“Hear the sound of distant thunder, the time has come again”…..
So, this was it, the most anticipated gig for, well, as long as I can remember. Ever since I first heard the frankly incredible Human Remains a few months back it’s been pretty much all I have listened to. (in fact, according to LastFM I have listened to more Hell in the last 3 months than everything else combined). So it’s safe to say I’m a fan and when the band announced they were playing their first gig for 25 years in the MFN club in Nottingham there was no way in hell that I wasn’t going to be there.
I mean, it has been 25 years…
As soon as the band came on stage it was clear that this was the full theatrical show that they had first demonstrated in the On Earth As It Is In Hell video, the surviving members of the band joined by producer / guitarist / all round metal god Andy Sneap on guitar. As the Themes From A Deathsquad intro tape played the buzz in the room was like nothing I have felt recently and then, like a priest to his congregation, David Bower walked on stage resplendent in his barbed wire crown of thorns and blood red contact lenses. Oh, and one of those little boom mics 🙂
And, basically, at this point I lose all sense of objectivity….
David Bower is without a doubt one of the best front men I have ever seen. He is best known as an actor and this showed in his incredible on-stage persona. He just knows how to project himself, he plays the part to perfection and, as an added bonus, he can sing a bit too.
The set opened with Let Battle Commence which showed that Hell have obviously been working hard since getting back together, this just didn’t feel like a band playing their first gig in over 2 decades. On Earth As It Is In Hell followed and immediately ratcheted up the atmosphere by a notch.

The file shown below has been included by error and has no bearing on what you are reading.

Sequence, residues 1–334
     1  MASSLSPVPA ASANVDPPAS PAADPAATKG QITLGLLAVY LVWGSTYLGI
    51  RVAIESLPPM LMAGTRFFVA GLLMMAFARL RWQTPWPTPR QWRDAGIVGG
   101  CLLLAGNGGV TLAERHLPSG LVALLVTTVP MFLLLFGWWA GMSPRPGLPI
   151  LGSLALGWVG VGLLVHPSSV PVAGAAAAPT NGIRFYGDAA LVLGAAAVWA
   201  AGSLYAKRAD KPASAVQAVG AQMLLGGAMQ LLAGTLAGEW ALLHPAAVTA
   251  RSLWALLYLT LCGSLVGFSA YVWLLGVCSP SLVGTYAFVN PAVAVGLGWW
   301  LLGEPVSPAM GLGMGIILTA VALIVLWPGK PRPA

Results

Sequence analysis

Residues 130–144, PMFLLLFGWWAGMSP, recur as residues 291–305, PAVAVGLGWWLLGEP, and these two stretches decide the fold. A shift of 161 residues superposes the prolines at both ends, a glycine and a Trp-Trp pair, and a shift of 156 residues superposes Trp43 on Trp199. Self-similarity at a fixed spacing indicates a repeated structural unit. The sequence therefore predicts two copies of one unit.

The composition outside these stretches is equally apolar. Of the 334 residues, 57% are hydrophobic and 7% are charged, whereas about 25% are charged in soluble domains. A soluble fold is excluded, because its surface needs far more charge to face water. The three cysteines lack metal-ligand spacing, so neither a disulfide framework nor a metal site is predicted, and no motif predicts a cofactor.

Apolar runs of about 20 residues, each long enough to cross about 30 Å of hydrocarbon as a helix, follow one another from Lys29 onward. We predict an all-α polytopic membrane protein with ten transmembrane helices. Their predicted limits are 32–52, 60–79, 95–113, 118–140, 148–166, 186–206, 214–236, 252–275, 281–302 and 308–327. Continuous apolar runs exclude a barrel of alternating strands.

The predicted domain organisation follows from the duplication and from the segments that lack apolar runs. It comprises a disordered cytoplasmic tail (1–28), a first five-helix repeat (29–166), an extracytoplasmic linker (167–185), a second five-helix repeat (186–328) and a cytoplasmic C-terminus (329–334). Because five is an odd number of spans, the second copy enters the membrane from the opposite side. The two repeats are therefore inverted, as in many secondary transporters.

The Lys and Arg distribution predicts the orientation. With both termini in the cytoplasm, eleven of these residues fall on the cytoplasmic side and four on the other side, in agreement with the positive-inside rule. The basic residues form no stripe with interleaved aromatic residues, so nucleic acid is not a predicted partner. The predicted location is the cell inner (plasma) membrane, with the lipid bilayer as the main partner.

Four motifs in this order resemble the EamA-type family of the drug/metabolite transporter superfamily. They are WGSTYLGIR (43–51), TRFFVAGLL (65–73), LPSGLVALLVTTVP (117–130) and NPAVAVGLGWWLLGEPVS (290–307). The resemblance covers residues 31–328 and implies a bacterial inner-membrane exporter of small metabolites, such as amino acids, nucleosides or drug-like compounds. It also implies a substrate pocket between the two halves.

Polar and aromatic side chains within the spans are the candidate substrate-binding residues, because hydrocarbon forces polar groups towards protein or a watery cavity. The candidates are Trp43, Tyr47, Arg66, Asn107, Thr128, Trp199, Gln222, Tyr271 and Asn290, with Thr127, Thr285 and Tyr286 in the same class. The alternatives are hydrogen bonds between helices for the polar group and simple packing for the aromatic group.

It was cool to see the look on guitarist / keyboardist Kev Bower’s face, he looked genuinely taken aback by the response that the band were getting but from where I was standing it was well deserved.
Seriously, I expected good but I didn’t expect quite this good.
The main driving force behind the recent Hell reunion was long time fan Andy Sneap, tonight featuring some rather cool looking plague victim contact lenses as he displayed the guitar skills he was taught by Hell’s late frontman Dave Halliday.
The tolling of the cart-masters bell and cries of “bring out your dead” set the scene for Plague and Fyre, Dave Bower coming on-stage in a hooded sack cloth robe, just as Dave Halliday did 25 years ago. It was pure theater and up close in the tight confines of the venue it was a simply stunning moment.
People had come from as far away as Scandanavia to be here tonight, but the prize for the furthest has to go to the guy from Southern California who flew in for the gig. With America not exactly being the most popular country in the world at the moment it’s kind of a pity that he traveled all that way to get booed though, although the band had been supplying him with beer so that would have taken the edge off it 🙂